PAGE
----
Credit derivatives: the past, the present and the future
The determinants of credit spread returns
What’s driving the default swap basis?
What is the value of modified restructuring?
The debt and equity linkage and the valuation of credit derivatives
Nth to default swaps and notes: all about default correlation
Portfolio credit risk models
Credit derivatives as an efficient way of transitioning to optimal portfolios
Overview of the CDO market
Synthetic securitisation and structured portfolio credit derivatives
Integrating credit derivatives and securitisation technology: the collateralised synthetic obligation
CDOs of CDOs: art eating itself?
Extreme events and multi-name credit derivatives
Reduced-form models: curve construction and the pricing of credit swaps, options and hybrids
Modelling and hedging of default risk
ISDA’s role in the credit derivatives marketplace
Credit linked notes
Using guarantees and credit derivatives to reduce credit risk capital requirements under the New Basel Capital Accord
In the context of stochastic models, explosion means that the variable that is modelled can go to infinity with positive probability. An example of this is the following model:
where a is a positive constant and W is a Brownian motion with W(0) = 0. Here x will go to infinity as W approaches a, and the process x is thus only well defined up to the first passage time of W to the level a.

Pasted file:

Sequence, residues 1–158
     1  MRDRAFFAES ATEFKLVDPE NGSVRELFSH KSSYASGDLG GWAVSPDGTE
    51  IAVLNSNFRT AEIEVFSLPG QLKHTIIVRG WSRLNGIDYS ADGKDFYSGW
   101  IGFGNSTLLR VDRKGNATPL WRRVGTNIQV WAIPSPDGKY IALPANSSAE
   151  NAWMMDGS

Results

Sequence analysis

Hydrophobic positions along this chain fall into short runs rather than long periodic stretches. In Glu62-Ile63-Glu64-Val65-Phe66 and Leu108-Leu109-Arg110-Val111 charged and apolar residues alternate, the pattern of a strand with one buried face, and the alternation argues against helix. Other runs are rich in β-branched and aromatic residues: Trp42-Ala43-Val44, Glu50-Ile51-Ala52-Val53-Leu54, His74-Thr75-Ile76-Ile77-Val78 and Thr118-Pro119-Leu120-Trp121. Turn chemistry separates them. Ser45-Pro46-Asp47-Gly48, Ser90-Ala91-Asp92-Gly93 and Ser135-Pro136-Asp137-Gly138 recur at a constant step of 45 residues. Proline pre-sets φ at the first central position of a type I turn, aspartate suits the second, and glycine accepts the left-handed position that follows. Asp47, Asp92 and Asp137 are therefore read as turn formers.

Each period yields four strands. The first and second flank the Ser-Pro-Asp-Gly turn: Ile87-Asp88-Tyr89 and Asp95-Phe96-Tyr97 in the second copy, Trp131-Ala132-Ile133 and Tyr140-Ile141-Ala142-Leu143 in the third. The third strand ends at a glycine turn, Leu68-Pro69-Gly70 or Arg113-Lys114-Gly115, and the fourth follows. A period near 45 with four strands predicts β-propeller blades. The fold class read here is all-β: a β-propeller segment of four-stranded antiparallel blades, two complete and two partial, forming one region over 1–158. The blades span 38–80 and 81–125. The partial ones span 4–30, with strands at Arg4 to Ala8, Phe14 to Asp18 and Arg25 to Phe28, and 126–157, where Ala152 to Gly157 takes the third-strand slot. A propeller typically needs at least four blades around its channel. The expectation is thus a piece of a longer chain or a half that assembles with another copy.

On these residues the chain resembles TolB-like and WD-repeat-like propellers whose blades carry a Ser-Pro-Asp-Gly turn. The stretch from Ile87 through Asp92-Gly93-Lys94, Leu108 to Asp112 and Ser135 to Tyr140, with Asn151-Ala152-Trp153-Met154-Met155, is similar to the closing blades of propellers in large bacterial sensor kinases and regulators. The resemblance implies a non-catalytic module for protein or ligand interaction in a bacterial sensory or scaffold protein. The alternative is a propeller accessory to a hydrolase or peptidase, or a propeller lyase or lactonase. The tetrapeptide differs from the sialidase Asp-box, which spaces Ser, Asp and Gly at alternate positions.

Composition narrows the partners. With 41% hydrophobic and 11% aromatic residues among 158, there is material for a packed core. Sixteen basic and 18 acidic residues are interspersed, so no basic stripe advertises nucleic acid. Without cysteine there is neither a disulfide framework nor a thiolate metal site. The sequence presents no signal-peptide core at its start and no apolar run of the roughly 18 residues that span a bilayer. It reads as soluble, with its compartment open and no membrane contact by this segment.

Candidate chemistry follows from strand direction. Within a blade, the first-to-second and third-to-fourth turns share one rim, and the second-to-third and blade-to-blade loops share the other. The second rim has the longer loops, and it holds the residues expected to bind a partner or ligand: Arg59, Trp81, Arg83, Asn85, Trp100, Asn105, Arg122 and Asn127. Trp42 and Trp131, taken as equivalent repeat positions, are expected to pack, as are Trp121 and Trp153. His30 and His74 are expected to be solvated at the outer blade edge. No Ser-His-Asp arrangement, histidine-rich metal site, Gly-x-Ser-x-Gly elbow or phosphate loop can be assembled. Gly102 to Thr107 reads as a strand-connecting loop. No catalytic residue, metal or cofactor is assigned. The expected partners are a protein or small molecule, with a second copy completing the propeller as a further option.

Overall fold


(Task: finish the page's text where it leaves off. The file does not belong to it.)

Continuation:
In most finance models the stochastic dynamics of the modelled variables are restricted to prevent explosions, as we are rarely interested in prices or rates that are infinite. But in this chapter we actually make use of explosive processes to give us more realistic dynamics of credit default swap (CDS) spreads.
The case for this is based on the observation that defaults can be anticipated as well as unanticipated. If a default is anticipated it is well known in the market that the company has financial problems and the actual default will tend to happen after a period of steep increases in credit spreads and corresponding declines in bond and equity prices. Default can also be a complete surprise to the financial markets,